Ebola outbreak: what to expect

africa1wA Pan-African airline has suspended all flights to and from the capitals of Liberia and Sierra Leone, as fears grow of the spread of the Ebola virus

Professor Tom Solomon, Head of the Institute of Infection and Global Health and Director of the National Institute for Health Research’s (NIHR) Health Protection Unit in Emerging and Zoonotic Infections, discusses here what to expect from this outbreak.

1. Why is Ebola a cause for concern?

“Ebola is worrying because it is not completely clear how humans become infected in the first place at the start of an outbreak.  It can spread from human to human and the death rate depends on the subtype of Ebola virus, but it can be up to 90%, making it one of the most severe infections of humans.”

2. How does it spread?

“Research suggests the virus exists naturally in some fruit bats, and that humans can become infected directly from the bats, perhaps through exposure to bat blood, or other bodily fluids excreta – faeces and urine.

“Humans may also become infected by contact with blood or bodily fluids of monkeys, or by consuming ‘bush meat’, that may have become infected through contact with bats.

“Once the first person has become infected, then others are at risk, because the virus is excreted in a patient’s blood and other bodily fluids. Family members and health care workers looking after patients are especially at risk.

“In the early outbreaks the lack of precautionary and protective measures and the reuse of non-sterilised needles contributed to the rapid spread.  Some traditional burial customs, whereby all mourners touch the body, also causes the virus to spread, because the virus may be on the skin.”

3.  What can we do to treat it?

“There is no antivirus drug to treat Ebola. If we can keep people alive through replacing lost fluids, however, by oral or intravenous rehydration, then this gives their body the best chance of fighting the infection itself. There is currently no vaccine to protect people.”

4.  Is this outbreak different to others and if so, how?

“This outbreak is different to others in several respects. Firstly it is larger than previous outbreaks.  More than 670 people have died. Secondly it appears to be spreading between different geographical places more easily than other outbreaks.  So far it has spread from Guinea to Sierra Leone, Liberia, and now Nigeria.”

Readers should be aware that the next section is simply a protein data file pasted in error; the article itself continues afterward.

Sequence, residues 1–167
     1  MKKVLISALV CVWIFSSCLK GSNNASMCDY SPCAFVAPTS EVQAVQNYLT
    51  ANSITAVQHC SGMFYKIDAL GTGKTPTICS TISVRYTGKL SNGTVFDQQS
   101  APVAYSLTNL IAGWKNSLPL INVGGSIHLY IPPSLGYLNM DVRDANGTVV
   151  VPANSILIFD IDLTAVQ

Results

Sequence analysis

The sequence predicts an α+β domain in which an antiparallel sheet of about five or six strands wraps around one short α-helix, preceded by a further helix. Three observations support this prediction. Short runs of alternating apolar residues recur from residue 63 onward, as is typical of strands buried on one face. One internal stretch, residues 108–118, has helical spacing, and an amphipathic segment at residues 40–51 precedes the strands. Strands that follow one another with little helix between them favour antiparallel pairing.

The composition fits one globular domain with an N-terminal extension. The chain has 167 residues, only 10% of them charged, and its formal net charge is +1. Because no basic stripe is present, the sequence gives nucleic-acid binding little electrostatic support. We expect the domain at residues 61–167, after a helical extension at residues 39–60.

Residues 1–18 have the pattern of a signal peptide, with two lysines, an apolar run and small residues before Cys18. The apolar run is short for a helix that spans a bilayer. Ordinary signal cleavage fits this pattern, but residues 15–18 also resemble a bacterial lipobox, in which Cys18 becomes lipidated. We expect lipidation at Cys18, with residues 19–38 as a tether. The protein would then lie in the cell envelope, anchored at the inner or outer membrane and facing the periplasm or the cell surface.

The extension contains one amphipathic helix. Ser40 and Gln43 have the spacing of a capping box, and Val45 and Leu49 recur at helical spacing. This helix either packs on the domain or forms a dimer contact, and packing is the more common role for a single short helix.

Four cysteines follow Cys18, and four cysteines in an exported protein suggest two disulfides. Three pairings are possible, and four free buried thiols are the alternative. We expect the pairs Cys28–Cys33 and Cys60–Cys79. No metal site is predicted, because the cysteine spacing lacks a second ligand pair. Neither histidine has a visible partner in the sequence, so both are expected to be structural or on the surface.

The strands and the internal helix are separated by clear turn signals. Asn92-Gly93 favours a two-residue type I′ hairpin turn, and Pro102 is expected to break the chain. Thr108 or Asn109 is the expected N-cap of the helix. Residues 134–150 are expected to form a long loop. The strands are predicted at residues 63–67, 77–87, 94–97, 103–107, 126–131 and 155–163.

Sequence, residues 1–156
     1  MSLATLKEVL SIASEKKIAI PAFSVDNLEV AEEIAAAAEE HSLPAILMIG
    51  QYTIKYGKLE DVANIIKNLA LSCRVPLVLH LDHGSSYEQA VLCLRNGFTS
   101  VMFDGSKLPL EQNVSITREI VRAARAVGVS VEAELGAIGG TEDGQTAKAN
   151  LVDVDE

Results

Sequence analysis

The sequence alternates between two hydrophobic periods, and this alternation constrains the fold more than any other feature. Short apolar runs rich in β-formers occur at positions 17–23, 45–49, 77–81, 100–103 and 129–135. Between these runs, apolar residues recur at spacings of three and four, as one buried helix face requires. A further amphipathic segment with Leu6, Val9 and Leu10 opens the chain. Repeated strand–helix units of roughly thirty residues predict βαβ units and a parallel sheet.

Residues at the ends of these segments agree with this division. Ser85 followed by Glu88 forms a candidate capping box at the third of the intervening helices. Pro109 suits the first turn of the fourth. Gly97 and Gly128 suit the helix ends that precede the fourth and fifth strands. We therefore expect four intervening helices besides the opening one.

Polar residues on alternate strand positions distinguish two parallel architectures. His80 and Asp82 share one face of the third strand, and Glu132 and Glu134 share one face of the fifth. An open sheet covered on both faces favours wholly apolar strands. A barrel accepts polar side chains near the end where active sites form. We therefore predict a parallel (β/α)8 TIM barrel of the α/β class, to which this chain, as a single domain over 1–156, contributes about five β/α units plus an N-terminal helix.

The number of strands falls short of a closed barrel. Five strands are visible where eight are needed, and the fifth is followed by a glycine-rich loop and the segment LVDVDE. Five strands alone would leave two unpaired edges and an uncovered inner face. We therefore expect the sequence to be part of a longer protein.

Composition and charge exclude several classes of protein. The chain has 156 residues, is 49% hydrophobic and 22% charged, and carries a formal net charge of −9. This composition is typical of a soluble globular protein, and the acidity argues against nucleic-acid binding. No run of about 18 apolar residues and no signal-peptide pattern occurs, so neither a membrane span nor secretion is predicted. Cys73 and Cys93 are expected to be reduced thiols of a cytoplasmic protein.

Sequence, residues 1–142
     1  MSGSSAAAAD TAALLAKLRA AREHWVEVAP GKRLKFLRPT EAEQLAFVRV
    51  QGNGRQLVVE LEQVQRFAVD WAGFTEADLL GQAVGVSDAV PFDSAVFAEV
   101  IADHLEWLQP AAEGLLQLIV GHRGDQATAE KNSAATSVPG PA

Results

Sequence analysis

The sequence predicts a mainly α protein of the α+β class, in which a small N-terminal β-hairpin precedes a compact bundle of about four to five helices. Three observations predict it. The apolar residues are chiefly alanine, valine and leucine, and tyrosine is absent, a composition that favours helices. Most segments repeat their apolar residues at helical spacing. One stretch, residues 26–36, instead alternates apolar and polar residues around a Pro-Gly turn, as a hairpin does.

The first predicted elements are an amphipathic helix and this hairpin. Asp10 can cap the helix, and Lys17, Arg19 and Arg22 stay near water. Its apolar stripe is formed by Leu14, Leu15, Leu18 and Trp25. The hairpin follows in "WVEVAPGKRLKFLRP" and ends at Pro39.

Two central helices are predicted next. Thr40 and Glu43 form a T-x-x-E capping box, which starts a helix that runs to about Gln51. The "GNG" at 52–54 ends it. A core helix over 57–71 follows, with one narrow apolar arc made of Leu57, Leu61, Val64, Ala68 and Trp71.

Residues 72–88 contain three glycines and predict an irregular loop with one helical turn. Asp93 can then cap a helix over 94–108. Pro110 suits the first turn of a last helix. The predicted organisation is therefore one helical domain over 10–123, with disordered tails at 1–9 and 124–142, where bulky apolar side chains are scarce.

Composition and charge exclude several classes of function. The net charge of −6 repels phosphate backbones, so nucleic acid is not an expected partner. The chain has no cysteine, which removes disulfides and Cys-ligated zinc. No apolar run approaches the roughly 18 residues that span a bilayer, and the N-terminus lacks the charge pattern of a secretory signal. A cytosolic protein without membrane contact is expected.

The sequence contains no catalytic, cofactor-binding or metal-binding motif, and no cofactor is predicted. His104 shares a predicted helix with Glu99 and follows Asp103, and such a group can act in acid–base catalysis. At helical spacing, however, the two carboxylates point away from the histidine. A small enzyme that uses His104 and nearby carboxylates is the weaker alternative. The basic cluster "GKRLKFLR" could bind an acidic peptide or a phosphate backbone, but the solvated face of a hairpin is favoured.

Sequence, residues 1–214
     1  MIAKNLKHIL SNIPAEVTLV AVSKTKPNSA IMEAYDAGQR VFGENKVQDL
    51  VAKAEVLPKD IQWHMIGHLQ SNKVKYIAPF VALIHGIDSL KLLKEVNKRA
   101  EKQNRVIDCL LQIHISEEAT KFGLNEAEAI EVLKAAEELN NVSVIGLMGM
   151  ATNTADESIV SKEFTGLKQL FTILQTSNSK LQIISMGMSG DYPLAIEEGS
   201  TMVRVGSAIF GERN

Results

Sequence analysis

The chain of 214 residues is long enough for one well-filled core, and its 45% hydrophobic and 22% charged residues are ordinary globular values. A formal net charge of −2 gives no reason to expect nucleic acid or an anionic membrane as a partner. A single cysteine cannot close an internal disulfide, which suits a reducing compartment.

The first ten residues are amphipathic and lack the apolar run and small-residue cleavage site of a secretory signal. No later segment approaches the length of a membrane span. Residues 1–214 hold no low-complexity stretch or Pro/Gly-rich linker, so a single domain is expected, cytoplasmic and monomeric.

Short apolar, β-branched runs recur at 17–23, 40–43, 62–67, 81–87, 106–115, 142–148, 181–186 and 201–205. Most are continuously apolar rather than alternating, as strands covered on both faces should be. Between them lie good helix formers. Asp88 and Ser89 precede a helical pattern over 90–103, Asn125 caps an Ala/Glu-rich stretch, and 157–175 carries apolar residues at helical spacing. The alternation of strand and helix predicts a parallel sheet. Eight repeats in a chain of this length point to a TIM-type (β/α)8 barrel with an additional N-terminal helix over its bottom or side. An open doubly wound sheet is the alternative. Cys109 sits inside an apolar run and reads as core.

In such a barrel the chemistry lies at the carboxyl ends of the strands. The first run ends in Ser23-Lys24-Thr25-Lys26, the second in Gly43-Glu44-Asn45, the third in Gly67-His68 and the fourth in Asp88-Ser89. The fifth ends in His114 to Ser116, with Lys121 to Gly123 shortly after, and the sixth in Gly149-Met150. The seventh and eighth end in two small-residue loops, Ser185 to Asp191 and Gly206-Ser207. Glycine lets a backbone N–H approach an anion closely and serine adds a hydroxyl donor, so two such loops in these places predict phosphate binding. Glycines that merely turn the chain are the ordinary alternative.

5.  How likely is it that Ebola will mutate into something that can spread more easily?

“There is nothing to suggest this so far. The current outbreak is caused by Ebola Zaire strain, which is the most dangerous strain of the virus.”

6. What are researchers in the UK doing to protect us?

“The NIHR Health Protection Research Unit in Emerging and Zoonotic Infections was established by the UK Government in April 2014 to help protect us from infections like Ebola. It is a collaboration between researchers from the University of Liverpool’s Institute of Infection and Global Health, the Liverpool School of Tropical Medicine, and Public Health England.

“Members of the Health Protection Research Unit are currently helping to fight the Ebola outbreak in Africa, as well as doing research to try and better understand why this outbreak is especially bad.

“The Health Protection Research Unit’s virologists are doing research to understand what makes particular strains of Ebola more severe. The Unit’s epidemiologists and modelers are working together to understand the factors involved in its spread, and the risks to the UK.”


One thought on “Ebola outbreak: what to expect

  1. Matt Hurst

    [posted on behalf of John Turner]

    Thanks Tom

    A very helpful summary for those of us who just might encounter a medical emergency arriving from W Africa. I had an interesting discussion on Ebola yesterday with Prof Geoffrey Gill [School of Tropical Medicine] when we were working together in the Aintree Medical Assessment Unit].
    We are alerted!

    John Turner
    Consultant Physician Acute Medicine Aintree
    Hon Lecturer and Tutor [Graduate Entry] School of Medicine

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